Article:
Writer: Joshua Hale Fialkov
Artist: Kody Chamberlain
Punks stand out in a crowd for a variety of reasons. They could stand out because of their colorful hair. The spikes, chains, and leather that adorn their clothing. The political views favoring anarchy. Overall, society tends to view punks by the textbook definition of “worthless person.” Based on those statements some people might view me as a punk for consistently having pink hair and tattoos. Others would consider me punk for my anti-government beliefs. I wouldn’t consider myself a punk because the things people think qualify me for that title make me who I am. For me, calling yourself punk is like calling yourself a hipster, only it’s less convincing. True punks don’t need a title, they just exist as individuals being true to themselves.
The story, it almost feels like Fialkov was trying too hard to sound punk. I expect off the wall story lines for comics directed at kids. It makes them fun and enjoyable. This is a book geared towards adults and is completely nonsensical. As someone that is technically an adult, and a fan of Adventure Time, this was not the time I wanted crazy antics happening in a story. Fialkov is a great writer, but in this case I felt like he was trying to put on a show. If you’re going to claim to be punk, add in some core values to that claim. At least have the characters in the story stand for something that goes against the grain.
This is what I understand: the story follows four characters, Skull, Fist, Dog, and Abe Lincoln. They have a relationship that mirrors male bonding perfectly. They take jabs and give each other shit. The humor is subjective. As a female that is used to being one of the guys, and usually the only girl in group situations, I found nothing about this book funny. Nothing made me laugh or groan at the stupidity. I take that back, one thing made me laugh. Just one. There’s a panel of Abe Lincoln in his room and all the walls are pictures of John Wilkes Booth. This was a great use of irony. Abe Lincoln is the only character in the story I find the least bit entertaining. If you’re going to include dead people in the comic, at least put a cameo from Sid Vicious in the book. At least he was part of the punk movement.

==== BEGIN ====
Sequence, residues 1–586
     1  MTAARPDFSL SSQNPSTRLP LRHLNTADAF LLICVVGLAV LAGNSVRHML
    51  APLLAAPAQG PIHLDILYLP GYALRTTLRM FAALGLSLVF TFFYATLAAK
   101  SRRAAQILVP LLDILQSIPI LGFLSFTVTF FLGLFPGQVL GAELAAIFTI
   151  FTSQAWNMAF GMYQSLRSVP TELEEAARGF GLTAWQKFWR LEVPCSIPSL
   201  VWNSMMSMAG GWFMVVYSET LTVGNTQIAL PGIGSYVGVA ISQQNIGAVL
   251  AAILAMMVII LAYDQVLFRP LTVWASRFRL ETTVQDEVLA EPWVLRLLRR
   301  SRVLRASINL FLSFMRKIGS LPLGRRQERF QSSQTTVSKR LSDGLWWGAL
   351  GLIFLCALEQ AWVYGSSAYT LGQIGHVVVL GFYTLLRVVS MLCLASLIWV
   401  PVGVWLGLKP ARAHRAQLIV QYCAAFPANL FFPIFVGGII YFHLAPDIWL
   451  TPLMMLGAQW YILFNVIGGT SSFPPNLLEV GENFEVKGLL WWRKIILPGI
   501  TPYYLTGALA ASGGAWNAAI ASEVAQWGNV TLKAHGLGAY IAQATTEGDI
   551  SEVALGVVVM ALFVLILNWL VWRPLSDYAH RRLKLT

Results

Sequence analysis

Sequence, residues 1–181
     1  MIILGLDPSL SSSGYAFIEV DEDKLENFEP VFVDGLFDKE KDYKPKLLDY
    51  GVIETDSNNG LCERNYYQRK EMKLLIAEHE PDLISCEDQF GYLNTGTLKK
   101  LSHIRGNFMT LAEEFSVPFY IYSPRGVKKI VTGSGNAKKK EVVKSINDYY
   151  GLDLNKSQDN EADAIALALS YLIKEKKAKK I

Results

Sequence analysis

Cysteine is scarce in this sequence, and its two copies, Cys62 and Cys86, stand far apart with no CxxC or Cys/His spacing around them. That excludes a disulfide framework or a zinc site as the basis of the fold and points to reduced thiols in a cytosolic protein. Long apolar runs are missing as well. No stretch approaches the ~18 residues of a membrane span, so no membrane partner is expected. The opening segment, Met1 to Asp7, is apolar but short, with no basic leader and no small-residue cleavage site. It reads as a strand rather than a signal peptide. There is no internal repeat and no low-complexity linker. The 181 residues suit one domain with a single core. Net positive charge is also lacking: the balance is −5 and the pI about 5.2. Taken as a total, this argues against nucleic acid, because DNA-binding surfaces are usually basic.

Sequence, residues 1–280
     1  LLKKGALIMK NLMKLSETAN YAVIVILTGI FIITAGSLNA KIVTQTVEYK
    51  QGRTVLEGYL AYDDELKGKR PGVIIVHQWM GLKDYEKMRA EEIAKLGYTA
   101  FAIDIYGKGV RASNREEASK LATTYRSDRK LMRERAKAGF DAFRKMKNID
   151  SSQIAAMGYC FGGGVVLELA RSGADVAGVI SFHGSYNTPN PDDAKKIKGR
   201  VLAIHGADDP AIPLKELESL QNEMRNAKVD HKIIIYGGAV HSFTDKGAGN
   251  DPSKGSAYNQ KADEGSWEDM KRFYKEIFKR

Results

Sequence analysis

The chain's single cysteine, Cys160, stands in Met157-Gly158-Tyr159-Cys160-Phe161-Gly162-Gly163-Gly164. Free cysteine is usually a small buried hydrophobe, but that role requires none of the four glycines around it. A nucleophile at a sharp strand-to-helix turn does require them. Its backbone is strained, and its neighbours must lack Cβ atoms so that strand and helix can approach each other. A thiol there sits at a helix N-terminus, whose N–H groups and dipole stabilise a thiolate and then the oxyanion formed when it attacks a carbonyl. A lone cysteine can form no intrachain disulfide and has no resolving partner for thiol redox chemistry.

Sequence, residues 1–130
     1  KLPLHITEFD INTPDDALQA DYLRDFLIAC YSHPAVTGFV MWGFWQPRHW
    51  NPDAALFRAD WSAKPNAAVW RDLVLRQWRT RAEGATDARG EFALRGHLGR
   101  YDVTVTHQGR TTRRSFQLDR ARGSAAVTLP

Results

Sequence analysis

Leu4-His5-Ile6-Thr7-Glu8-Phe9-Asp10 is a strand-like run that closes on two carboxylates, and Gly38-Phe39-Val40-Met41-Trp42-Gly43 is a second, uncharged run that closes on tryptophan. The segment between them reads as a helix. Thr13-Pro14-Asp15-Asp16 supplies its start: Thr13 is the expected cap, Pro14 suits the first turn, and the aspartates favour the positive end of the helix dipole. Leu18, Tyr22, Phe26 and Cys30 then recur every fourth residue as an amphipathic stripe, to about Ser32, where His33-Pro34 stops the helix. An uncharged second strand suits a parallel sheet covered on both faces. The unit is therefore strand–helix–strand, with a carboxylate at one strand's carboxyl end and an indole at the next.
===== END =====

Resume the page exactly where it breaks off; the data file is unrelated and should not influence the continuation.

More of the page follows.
Chamberlain’s art follows suit with the craziness. Chamberlain’s sketches are amazing and I would have loved to see his personal drawing style included in this book. Chamberlain chose to collage pictures together to create panels telling the story. It’s almost as if Chamberlain looked at the Sex Pistols’ cover of God Save The Queen and decided that was going to be his chosen art style for a comic. While I like this look for concert flyers, which Chamberlain has a background in, I don’t like it in book form. The pages are too busy to look at and really grasp what’s going on most of the time. Yes, Chamberlain is taking a risk by doing a book like this because it’s not the norm. I think if he had only done this for the cover it would have been more appealing to me. I do like that with this style he paid homage to “The Incredible Hulk #181” with the NYCC exclusive cover.
Just when I thought I saw everything you could possibly put into a comic, it happened. They included activity pages. Activity pages are completely irrelevant to the story. Why were they necessary? The word search has “anal fissures” in the list of hidden words. I looked for all the words because I like word searches. Read the book and you’ll know how that went for me. If you don’t want to read the book, then spoiler alert, the only word you’ll find in the word search is “poop”. Real mature guys.
I’m still unsure of whether or not this is supposed to be one cohesive story or mini stories within one book. I read through this issue several times and I still have very little idea of what’s going on. I think it’s safe to say I won’t continue reading this book. Who would I even recommend this too? Really, the only reason for anyone to pick up this book is for the novelty aspect of it. People will pick it up because of the names attached or because it’s something different. Nothing about this book screams “punk” to me. I feel like the characters could be any group of male friends, regardless of the counter-culture they may or may not belong too.
“Punks: The Comic #1” earns 3/10